posted by Twang at 2:18 PM on September 21, 2016


This is beautiful. I can't even tell you.

Now I want to play it.
posted by The World Famous at 4:19 PM on September 21, 2016


Really interesting bridge design. And interesting that the video is of the making of a couple of guitars, edited to seem like just one.

A music-making friend of mine recently documented his process of building himself a new acoustic guitar after his touring guitar was stolen. It's such a beautiful process, where science, art, and craftsmanship combine to create a tool that, itself, creates art.
posted by The World Famous at 5:34 PM on September 21, 2016 [2 favorites]


There's also a couple steps they omitted, such as the making of the bridge and putting the compound radius on the fretboard. I'm wondering if he uses a CNC machine for those parts, and they didn't include it because it would detract from the hand-crafted aspect. Nothing wrong with CNC, a compound radius is very difficult to do by hand, but I suspect they left those out on purpose.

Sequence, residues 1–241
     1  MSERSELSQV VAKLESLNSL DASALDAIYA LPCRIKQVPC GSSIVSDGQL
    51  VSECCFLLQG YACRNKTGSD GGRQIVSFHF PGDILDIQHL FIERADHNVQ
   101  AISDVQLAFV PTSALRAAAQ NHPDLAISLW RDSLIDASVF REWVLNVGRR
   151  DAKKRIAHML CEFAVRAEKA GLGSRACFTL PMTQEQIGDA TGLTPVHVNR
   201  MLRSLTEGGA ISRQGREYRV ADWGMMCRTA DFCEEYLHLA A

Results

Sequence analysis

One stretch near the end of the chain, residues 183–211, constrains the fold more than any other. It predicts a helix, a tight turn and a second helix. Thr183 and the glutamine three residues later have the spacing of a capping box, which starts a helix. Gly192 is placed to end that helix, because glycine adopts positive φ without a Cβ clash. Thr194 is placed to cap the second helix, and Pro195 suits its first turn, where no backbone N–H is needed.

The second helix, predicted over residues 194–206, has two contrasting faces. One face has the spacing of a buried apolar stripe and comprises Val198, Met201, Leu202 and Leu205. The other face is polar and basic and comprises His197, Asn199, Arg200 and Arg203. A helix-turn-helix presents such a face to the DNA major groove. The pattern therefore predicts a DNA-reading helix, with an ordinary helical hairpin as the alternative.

There's a million videos on YouTube of dudes building guitars but this one is a much higher quality than most and really does a good job of explaining the process.

I especially love the process of making the rosette. The way the various bits of wood are combined to make such a beautiful, complex part of the guitar.

I also enjoyed all the various jigs and other tools he had. I've seen a lot of videos where people do everything with not much more than a pocket knife and some chisels, but this guy had all the right tools, which is something I really appreciate.